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10 Misconceptions about Panic Attacks

The year of 2020 will be infamous for its chaos in the future, but throughout the intensity of the last eight months there has been an increased focus on mental health and anxiety. One of the few silver linings to stem from this chaotic year, is that a more open discourse on mental health has led people to be more forthcoming with their anxiety struggles. However, despite a more accepting public outlook on mental health, there are still many misconceptions surrounding the field.

There are still some people that maintain a very narrow view of anxiety, stress, and similar panic disorders, such as panic attacks. Luckily, we are here to clear up the misconceptions! Keep on reading in order to find out the top ten things people misunderstand about panic attacks.

1.     They make you go insane

Although it may feel like it in the midst of one, panic attacks cannot truly make you go insane. While panic attacks are usually brought on by an underlying mental health or anxiety condition, they are not a marker of people “losing it” or “going crazy.” As a general rule of thumb, panic attacks usually peak after ten minutes after the onset begins. Of course, this is a generalization and varies wildly from person to person, but no one who experiences panic attacks can truly go insane from them.

2.     You can’t avoid them

Panic attacks cannot be avoided by steering clear of the triggers, such as avoiding planes if you’re afraid of flying or rollercoasters if you’re afraid of heights. While these are certainly valid anxiety triggers, the onset of panic attacks is commonly more involuntary. These attacks come on unexpectedly, without any external factors or events. In the face of a panic attack, it is important to try to remain calm by centering your mind and taking deep breaths until you feel better.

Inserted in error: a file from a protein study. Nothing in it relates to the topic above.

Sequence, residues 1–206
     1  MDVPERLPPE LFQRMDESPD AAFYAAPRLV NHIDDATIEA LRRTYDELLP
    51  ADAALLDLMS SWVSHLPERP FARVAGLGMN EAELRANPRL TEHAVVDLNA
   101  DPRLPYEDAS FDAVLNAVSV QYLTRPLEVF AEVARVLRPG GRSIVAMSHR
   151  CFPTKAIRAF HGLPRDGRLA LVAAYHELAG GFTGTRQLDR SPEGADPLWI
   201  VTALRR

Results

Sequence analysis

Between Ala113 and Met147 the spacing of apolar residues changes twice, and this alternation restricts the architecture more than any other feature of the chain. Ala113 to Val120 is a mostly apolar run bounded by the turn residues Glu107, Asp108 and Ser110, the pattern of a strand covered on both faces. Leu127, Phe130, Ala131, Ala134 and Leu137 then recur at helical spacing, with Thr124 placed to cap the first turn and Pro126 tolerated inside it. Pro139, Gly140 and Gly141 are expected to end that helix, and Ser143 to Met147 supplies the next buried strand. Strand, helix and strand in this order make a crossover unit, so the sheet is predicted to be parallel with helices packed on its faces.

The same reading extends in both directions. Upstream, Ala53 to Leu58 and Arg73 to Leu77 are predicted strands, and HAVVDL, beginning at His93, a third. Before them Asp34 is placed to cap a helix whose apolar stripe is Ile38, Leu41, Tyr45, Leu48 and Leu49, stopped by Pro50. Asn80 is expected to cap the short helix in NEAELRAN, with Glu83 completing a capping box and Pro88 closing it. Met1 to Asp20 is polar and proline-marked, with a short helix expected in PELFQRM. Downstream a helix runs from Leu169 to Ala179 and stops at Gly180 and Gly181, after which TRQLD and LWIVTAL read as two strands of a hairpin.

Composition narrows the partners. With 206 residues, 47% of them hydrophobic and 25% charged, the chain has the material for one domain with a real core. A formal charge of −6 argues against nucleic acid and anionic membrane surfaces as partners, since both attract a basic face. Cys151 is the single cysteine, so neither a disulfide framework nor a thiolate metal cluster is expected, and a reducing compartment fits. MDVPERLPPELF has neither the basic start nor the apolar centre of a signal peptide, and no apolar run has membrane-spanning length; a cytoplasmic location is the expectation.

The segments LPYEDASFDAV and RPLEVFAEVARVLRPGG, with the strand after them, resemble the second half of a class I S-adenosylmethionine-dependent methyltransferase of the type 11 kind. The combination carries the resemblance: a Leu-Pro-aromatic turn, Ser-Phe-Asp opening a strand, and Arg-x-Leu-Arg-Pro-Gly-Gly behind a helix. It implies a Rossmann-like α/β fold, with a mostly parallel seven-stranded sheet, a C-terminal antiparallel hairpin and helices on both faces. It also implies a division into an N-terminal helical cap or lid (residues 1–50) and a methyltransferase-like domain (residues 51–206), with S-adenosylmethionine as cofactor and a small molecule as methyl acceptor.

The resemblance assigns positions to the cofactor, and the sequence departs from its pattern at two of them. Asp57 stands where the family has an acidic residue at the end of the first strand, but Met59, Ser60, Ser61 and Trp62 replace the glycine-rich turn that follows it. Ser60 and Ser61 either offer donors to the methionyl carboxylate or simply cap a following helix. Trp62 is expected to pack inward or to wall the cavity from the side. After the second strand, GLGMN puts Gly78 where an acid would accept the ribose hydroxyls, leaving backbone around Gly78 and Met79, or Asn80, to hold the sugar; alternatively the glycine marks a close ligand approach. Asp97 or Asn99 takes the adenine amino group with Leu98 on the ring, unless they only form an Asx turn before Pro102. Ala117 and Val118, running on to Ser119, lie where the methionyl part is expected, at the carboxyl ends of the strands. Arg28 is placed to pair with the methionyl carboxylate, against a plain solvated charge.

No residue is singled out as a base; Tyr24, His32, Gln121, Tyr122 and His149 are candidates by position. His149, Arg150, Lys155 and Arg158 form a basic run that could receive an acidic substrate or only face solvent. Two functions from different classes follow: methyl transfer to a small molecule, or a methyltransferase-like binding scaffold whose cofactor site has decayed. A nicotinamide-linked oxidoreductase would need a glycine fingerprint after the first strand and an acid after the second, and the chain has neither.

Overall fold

3.     They’re only associated with panic disorders

Panic attacks are not solely associated with panic disorders. These attacks can be brought about by any number of health conditions, such as generalized anxiety disorders, eating disorders, bipolar disorder, phobias (such as agoraphobia), depression, and obsessive-compulsive disorder. Although less commonly, panic attacks can also be linked to more physiological medical conditions such as irritable bowel syndrome and sleep disorders.

4.     They can kill you

Panic attacks can be very frightening, there is no doubt about that. However, they alone cannot kill you. Although many people confuse certain symptoms of panic attacks (chest pain, shortness of breath, and suffocating sensations) with those of medical emergencies, panic attacks will not kill you. If you feel as though your panic attack has subsided, and are still experiencing these symptoms, seek emergency medical attention.

A woman sits alone in a therapist's office
Although panic attacks are still misunderstood, there are steps people can take to widen their understanding of these types of attacks. Image courtesy of  

5.     They’re an overreaction to stress and anxiety